Serbia’s parliament is due to vote on August 9 on a new cabinet that will include the country’s first openly gay minister, Ana Brnabic.
The gay community in Serbia is, alongside the Roma community, the most discriminated against minority group in the country. Improvement of the LGBT population’s position in society is an important aspect of Serbia’s EU integration process.
Speaking at a press conference on August 8, prime minister designate Aleksandar Vucic said he and Brnabic had discussed the issue of her orientation before she was put forward as his nominee for minister of state administration.
“Ana Brnabic and myself had a conversation on that aspect. She doesn’t hide it and speaks about it proudly,” Vucic said in response to a journalist’s question.
According to Vucic, he had reassured Brnabic after she voiced concern about the public response. “She is so nice and lovely ... I told her: ‘I mind about what you can do and I know how expert and hard worker you are’.”
He added that he is happy to work with someone like Brnabic, as her biography is without a single blemish.
Brnabic comes to the government from National Alliance for Local Economic Development (NALED), where she served as board president. As part of the NALED team she worked as coordinator for USAID program for economic development of local communities in Serbia which brought her in close contact with the government. She was also engaged in USAID’s program for the reform of local governments in Romania.
Before moving to NALED, Brnabic was a founder of Development Consulting Group and used to work at Continental Wind Serbia. She was awarded Business Lady of the Year 2013, in the socially responsible management segment.
Many Serbians have a negative perception of gays, who are often described as “non-normal”. This stems from the traditional and patriarchic society, in which women are also placed below men, and is partly a consequence of almost five centuries of Ottoman rule, which ended in the late 19th century. Openly gay politicians are rare not just in Serbia but across Central and Southeast Europe, though Latvian Foreign Minister Edgars Rinkevics came out in November 2014.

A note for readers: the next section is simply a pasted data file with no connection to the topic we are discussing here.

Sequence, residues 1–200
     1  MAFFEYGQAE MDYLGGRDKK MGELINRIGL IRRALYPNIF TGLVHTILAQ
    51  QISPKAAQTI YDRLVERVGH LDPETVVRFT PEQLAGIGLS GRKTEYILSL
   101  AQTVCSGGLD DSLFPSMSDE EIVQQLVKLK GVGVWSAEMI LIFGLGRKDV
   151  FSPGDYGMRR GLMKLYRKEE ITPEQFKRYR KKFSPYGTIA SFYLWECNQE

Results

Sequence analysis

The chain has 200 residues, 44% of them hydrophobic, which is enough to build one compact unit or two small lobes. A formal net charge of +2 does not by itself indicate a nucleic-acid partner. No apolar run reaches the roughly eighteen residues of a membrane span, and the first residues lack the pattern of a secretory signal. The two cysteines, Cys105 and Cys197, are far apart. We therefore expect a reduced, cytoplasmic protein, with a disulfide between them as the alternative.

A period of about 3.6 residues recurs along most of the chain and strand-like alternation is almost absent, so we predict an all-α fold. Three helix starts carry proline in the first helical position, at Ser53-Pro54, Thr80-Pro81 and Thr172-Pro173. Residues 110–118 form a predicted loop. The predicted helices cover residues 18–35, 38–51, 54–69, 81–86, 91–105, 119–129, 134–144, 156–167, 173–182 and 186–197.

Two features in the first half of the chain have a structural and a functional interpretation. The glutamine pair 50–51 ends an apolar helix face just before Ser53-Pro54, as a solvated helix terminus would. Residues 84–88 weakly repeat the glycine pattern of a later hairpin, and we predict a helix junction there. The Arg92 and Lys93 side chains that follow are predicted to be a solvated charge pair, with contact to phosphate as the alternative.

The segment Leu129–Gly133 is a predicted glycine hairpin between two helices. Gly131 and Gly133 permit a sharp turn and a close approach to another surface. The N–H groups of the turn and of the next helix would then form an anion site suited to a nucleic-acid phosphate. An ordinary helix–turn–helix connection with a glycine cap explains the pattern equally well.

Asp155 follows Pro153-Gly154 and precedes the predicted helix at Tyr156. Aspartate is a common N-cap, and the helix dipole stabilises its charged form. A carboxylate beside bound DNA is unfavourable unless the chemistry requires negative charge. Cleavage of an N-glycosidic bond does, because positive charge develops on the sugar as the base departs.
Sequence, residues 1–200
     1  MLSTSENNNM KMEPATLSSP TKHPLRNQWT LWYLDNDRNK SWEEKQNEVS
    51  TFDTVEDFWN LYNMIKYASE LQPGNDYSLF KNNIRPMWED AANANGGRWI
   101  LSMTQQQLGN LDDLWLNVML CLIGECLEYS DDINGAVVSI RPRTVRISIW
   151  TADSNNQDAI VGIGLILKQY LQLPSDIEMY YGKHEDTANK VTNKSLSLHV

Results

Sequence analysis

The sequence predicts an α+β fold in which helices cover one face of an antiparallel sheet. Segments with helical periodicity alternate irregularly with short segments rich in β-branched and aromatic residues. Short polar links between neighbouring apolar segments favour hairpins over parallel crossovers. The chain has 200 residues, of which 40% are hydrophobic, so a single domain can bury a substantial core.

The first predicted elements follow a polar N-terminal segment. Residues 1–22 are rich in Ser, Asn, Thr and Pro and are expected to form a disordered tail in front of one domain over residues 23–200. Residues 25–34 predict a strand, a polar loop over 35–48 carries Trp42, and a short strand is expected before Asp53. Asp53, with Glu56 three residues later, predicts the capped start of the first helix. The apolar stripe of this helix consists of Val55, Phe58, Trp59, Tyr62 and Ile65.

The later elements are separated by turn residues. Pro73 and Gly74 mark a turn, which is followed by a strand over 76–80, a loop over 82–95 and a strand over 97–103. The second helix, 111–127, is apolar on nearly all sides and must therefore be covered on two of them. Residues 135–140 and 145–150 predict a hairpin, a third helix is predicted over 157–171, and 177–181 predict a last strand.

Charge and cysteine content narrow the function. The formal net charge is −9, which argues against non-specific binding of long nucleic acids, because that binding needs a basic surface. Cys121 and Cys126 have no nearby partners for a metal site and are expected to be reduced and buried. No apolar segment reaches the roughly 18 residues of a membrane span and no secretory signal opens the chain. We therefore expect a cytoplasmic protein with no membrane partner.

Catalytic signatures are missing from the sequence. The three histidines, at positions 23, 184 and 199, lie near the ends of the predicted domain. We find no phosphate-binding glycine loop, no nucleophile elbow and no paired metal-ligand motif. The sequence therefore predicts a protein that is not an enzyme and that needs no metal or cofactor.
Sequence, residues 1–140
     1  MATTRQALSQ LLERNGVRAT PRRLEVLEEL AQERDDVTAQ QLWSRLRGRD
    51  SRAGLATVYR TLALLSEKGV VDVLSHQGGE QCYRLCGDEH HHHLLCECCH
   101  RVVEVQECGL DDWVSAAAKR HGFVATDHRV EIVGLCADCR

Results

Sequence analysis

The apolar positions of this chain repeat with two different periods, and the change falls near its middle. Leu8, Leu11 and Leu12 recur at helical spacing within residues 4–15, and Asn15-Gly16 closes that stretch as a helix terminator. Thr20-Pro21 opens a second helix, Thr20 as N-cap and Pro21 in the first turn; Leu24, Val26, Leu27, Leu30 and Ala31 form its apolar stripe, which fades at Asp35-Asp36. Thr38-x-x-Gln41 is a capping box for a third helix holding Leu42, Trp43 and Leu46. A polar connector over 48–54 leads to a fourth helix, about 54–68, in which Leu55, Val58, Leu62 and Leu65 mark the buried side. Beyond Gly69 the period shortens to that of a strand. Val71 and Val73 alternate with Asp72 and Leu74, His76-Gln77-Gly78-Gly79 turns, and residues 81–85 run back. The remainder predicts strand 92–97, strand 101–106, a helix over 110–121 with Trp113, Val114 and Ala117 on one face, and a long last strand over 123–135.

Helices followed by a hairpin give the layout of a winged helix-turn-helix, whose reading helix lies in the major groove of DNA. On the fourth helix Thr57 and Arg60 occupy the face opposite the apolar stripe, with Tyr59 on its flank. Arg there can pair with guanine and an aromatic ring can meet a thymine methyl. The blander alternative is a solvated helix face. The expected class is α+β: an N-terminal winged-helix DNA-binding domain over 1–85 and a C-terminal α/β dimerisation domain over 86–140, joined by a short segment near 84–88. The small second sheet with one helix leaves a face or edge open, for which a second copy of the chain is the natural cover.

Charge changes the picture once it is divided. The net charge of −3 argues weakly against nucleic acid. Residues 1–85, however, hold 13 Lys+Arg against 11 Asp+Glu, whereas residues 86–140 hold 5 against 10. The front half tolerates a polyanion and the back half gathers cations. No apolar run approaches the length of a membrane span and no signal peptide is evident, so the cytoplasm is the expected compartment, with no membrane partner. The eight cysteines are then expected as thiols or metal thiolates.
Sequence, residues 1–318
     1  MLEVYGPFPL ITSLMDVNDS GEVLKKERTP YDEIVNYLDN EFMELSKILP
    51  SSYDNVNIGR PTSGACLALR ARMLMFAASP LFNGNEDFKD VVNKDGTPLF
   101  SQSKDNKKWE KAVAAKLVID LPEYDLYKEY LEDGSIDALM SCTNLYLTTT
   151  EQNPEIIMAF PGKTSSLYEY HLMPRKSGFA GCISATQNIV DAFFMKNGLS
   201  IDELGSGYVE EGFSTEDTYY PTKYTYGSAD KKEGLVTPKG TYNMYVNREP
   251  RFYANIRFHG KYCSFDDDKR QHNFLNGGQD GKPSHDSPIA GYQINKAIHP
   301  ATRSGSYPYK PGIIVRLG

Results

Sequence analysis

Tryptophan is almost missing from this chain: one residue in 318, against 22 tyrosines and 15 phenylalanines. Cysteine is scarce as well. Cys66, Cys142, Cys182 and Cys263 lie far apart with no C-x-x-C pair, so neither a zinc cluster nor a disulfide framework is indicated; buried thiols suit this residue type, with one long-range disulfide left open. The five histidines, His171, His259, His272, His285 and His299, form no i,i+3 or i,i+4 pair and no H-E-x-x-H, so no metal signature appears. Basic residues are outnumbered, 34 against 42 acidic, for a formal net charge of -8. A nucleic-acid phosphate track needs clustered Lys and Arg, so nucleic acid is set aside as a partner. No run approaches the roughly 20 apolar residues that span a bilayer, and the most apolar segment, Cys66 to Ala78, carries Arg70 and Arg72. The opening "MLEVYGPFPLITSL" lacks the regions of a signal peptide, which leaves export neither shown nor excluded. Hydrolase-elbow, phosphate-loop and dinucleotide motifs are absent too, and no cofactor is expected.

Brnabic’s appointment has been welcomed by the gay community in Serbia. Prominent gay activist and president of the Gay Lesbian Info Center, Predrag Azdejkovic, coined the phrase that has been used in almost all local media afterwards: “Little step for Serbia, big step for LGBT population,” Azdejkovic said on Facebook.
Also among the first to react was Boris Milicevic, the first gay activist to enter politics. He is a high level official in the Socialist Party of Serbia (SPS), the junior partner of Vucic’s Serbian Progressive Party (SNS) in the new government. Brnabic is not a member of any political party.
“This is an important moment for the entire history of Serbia’s LGBT community. I hope that the move of the mandated PM and future minister will encourage more LGBT people to take part in politics, as well as to encourage many who already hold positions within government to come out. Now, they do not have excuses,” Milicevic posted on his Facebook wall.
However, the programme director for the Western Balkans at Civil Rights Defenders, Goran Miletic, another well-known gay activist, took a more cynical line.
“Mandated PM promoted first gay female minister which serves him to ‘be nice’ with the West and to the part of public which has in its heart human rights and decent life. In few day will probably come something opposite, ie, something big for the conservative part of the public and ‘mother Russia’,” Miletic commented on his Facebook page.
Serbia managed to organise first gay Pride in September 2014 after numerous attempts were cancelled at the last moment due high security risks. Vucic, who was seen as the most important player in making it happen, did not participate in the event but ambassadors from Western countries took part.